There Goes the Neighborhood

I was in New York last week and found the debate between local Democrat party leaders about Amazon’s new headquarters fascinating.  Some welcome the move into the Queens neighborhood across from Manhattan and the 25,000 high paying jobs it will bring, while others have pronounced it as all sorts of evil for the displacement gentrification will bring to current residents.

When somebody big moves into the neighborhood, things change.  Whether it is good or bad all depends on where your bread is buttered.  Personally, mine is buttered all over.  Don’t judge me.

Speaking of big and loud folks moving in, CVS recently opened three new Health HUB concept stores in the Houston area.  These provide a glimpse into how the 9,600-store retail chain is thinking about its increasing focus on healthcare, starting with the bright red ‘Welcome to the Health HUB’ branding on the front door.

Slow moving retail items have been shuttered to devote more square footage to health and wellness products.  More space means the Minute Clinics can expand services to include phlebotomy, diabetic screening and even sleep apnea assessments.   Pharmacists are expanding their role in patient education; registered dieticians provide one-on-one support and teach onsite classes.

Speaking of which, the space is configured so that areas can be blocked off for yoga classes.  Don’t have a mat?  Don’t worry, they are right over there by the durable medical equipment section.

If this sounds like a lot and maybe a tad confusing, never fear.  The ‘care concierge’ is there to help you get everything you need from your visit to the doctor/pharmacy/health club/lab/grocery store/tire and lube center.  Yep, they are even taking on the Walmart Greeter.

Throw in a separate announcement about CVS’s video visit service ($59 via your smart phone, all major credit cards accepted), which will soon be covered by CVS’s new insurance company once the Aetna acquisition closes, and you start to see what is being cooked up in the board room there in Woonsocket, Rhode Island.

This all begs the question, ‘Who is CVS NOT competing with?’

We could detail out of all the segments of healthcare they are looking to consume, but I think the more interesting angle on all of this is how they are positioning themselves against the aforementioned wheat thrasher from Seattle, another outsider with its sights set on the $3.5 trillion healthcare market. 

Do you really think taking yoga class market share from the local Y matters a whit to the $69 billion-dollar company that CVS will be when the Aetna deal closes?  Please. 

But what does matter are all of those smiling human beings located in the store, right there on your way to work.  This is the opposite of the ubiquitous brown boxes dropped off by the UPS guy.

Oh, and it is pretty different from that big imposing thing called a ‘hospital’ as well.

Yes kids, the neighborhood is changing.

Toomer’s Drugs

Toomer’s Drugs sits on the corner of College Street and Magnolia Avenue. Old-growth southern oak trees provide afternoon shade to a visitor sitting on the bench outside the store enjoying a glass of Toomer’s world famous lemonade, one of only two things for sale there, the other being every conceivable piece of paraphernalia emblazoned with the blue and orange University of Auburn logo.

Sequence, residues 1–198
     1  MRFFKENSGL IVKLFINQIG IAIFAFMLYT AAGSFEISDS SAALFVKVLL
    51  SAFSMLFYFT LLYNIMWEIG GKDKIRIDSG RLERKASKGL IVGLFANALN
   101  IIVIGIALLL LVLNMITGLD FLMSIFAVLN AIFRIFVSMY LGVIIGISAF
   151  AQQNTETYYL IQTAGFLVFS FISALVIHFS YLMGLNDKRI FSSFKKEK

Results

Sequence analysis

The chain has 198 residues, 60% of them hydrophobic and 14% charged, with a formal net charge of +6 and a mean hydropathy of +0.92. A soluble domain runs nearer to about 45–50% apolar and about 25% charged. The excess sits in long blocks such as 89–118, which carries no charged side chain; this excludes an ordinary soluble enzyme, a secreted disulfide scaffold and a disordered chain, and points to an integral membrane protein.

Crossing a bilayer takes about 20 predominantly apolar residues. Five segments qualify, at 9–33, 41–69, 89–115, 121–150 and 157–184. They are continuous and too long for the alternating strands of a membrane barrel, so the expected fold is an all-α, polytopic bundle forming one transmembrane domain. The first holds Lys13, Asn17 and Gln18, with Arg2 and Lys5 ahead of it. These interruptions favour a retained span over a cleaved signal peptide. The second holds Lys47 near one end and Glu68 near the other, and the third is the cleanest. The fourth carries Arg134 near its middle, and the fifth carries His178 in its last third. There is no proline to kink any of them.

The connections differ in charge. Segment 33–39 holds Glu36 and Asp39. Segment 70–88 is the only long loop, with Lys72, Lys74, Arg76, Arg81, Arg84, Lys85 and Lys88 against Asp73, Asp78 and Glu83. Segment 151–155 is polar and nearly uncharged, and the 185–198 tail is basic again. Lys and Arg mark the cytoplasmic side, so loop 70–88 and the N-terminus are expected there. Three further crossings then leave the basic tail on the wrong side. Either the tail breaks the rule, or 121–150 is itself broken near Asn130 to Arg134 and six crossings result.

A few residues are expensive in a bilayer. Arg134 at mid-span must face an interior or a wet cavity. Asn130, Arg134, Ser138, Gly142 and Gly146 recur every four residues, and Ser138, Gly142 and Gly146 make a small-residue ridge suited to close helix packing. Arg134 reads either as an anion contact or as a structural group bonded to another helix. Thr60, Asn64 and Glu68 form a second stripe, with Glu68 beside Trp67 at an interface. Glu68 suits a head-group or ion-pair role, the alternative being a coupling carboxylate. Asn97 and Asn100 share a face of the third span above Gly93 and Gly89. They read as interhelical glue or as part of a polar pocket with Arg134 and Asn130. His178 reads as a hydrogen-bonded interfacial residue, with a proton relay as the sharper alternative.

What you can’t get at Toomer’s is your prescription filled.

Founded by Shel Toomer, business slowed after 100 years and the shop closed up. A local couple bought the place and reopened it to keep the tradition alive, but who needed to sell medicines?  Lemonade and souvenirs made more sense.

I’d say that sounds like CVS, but they actually do still fill a lot of prescriptions.  However, it seems they want to sell us a lot more these days.

CVS has been busy, most significantly with the news that it is looking to buy Aetna.  The company said it doesn’t comment on rumors, but The Wall Street Journal is not The Onion. Its sources said talks have been going on for a couple of months.

Which is interesting, because just 12 days ago CVS announced its new five year partnership with IngenioRX, the new pharmacy benefits manager (PBM) formed by Anthem.  Remember, Anthem sued Express Scripts, their previous PBM partner, for $15 billion in damages.  Now they have their own PBM, which has a long term strategic relationship with CVS.  Who is in talks to buy Aetna.

Now, the rivalry between Aetna and Anthem is not as fierce as the Auburn Tigers and the Crimson Tide (Trump v North Korea is not as intense as things will be on when Alabama comes to town in November), but let’s just say that buying Aetna while partnering with Anthem would be more tricky.  That complexity and the likely objections the FTC would raise on this deal suggest this is not likely.  But it prompts us to take a look at CVS.

With almost 5 million people walking into one of their 9,600 pharmacies every day; with over 1,100 Minute Clinics in those pharmacies; with it OmniCare division being the country’s largest long term care pharmacy distributor; with its 80 million PBM members, CVS is already a major force in healthcare.  Partner with Anthem? Buy Aetna?  That is some serious lemonade.

Here are a few comments from CEO Larry Merlo in the announcement of the Anthem PBM partnership:

‘We believe that this agreement further validates the important role that CVS Health’s integrated and innovative pharmacy care model plays in today’s health care system…we look forward to providing services to help ensure coordinated, holistic care for their PBM members…we truly are the front door of health care…our pharmacists and nurse practitioners are able to engage in face-to-face personalized counseling and clinically-effective interventions that will enable us to help improve health outcomes and lower overall health care costs for Anthem and its members.’

Drug store or your competitor?